Ah, wait--I'm not supposed to be happy; this is an angry, annoyed, and grumbly post.  Back on track, then.  I got so tired of the weathermen and anchors on virtually every channel in the days leading up to 12/21 talking about "and it isn't even officially winter yet!" that I wanted to shove a fistful of yellow snow down their throats.  Not that the coming of winter much changed the glee with which they have reported on blizzards and cold snaps that reach all the way to Miami, I suppose.

Over New Year's, we went to visit my family in West Virginia, where several years ago Beth and I spent a white Christmas.  This time 'round, we managed to avoid the worst of the weather on the drive in on the 31st, but after that, the cold set in, and though we'd come prepared for some hiking--one of my favorite pastimes in my hometown--the weather just made that too much of a challenge.  Between the dry, frigid snow which packed after a single footstep into ice (making that walk up the first real hill of the mountainside a near-impossibility, much less the 600-foot gain in altitude to hike from my parents' home to the top of the mountain), the bitter winds, and the sub-freezing temperatures, we got in maybe a 15 minute hike before the doggies started limping on paws which were collecting snowballs between the toes.

The drive back to Virginia and Chateau Papillon was white-knuckled all the way to the Virginia border.  I'd planned to have Beth do some of the driving so I could catch up on lost sleep, but no dice with those conditions.  The WV Department of Transportation had done their jobs, yes, turning the roads completely white with not snow and ice but road salt, but still, any stretch of Interstate 64 which didn't sit soundly in the sun stood two inches deep in slush and ice.  That the temperatures on Sandstone Mountain leaving Raleigh County and all the way through Greenbriar County hovered around 10 degrees Fahrenheit didn't help; road salt simply isn't effective much below 20.  And let's not start on the 50 mile-per-hour wind gusts which buffeted the car the whole way home.

Back in Northern Virginia, the weather is characterized best as cold, cold, and more cold.  Worst, being around a family of school teachers and a young nephew and niece have left me with the same, albeit the sort which makes my throat scratchy and my nose sniffly.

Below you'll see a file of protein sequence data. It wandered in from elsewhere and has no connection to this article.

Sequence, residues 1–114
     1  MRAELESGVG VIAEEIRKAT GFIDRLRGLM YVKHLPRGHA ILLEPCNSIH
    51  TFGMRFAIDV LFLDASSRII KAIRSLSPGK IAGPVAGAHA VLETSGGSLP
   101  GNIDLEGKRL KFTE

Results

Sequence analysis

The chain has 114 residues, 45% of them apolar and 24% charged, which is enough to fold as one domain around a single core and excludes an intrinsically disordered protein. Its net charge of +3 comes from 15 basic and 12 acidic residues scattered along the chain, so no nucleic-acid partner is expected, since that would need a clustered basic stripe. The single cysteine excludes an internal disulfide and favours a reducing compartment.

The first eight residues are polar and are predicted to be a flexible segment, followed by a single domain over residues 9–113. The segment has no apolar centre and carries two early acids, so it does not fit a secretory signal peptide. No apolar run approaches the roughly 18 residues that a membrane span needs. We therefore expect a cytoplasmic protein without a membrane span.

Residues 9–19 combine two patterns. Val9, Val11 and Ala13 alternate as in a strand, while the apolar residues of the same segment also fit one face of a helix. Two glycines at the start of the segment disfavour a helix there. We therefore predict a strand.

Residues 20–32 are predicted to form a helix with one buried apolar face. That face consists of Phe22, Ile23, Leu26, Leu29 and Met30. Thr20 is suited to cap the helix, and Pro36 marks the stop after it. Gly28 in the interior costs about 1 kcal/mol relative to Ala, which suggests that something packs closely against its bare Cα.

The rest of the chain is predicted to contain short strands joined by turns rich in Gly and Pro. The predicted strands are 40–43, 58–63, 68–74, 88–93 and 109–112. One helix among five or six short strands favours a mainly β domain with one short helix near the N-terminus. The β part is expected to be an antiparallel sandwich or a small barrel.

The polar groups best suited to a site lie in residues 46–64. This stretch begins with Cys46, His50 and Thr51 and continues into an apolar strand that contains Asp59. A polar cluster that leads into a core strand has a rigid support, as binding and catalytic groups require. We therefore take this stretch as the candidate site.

Jack Frost, suck it.  I'm ready for a trip to the Bahamas about now.

Friday, January 1, 2010

Equipping a Young Padawan: Homemade Christmas Gifts for 3-Year-Olds

My three year old nephew Iain has embraced Star Wars rather eagerly: goose-stepping to "The Imperial March" and re-enacting Luke Skywalker's amputation scene from The Empire Strikes Back, and he's able to name any of the dozens of figures both vintage and modern at a glance.  And we make a lot of the gifts for family each year.  Put those together, and a natural Christmas present for this young Padawan was a hand-crafted Jedi outfit.

Several years ago, I re-taught myself how to sew when I made for myself a Jedi costume, and though it's been a couple of years since I last used either the serger or the sewing machine, I dug both out to put together Iain's gift.

I ran into a problem finding a pint-sized pattern and ended up going with an adult one, trimming an extra three or four inches from the dimensions of the extra-small size.  Back when I sewed much more often, I picked up a remnant of a nice Jedi-esque fabric, which though a bit difficult to work with, ended up looking great in the costume--and which emptied out one more bit of the many storage bins in our basement.

Using the serger made the costume something which will stand up to the many trips through the washing machine necessitated by the day-to-day wear and tear of a three-year-old, and I do have to say I did a fine job overall on the outfit: Iain's dad Wayne asked where I'd bought it.  I need to touch things up with a couple of darts in the back to take in a bit of excess size in the shoulders, and I didn't get the obi finished yet as I couldn't find my good loop-turner (the plastic belt Iain's wearing came from a Star Wars toy set I found when cleaning out our storage unit), but overall, I think the Padawan's ready to take up lessons in light saber and the ethics of the light side / dark side dichotomy, don't you?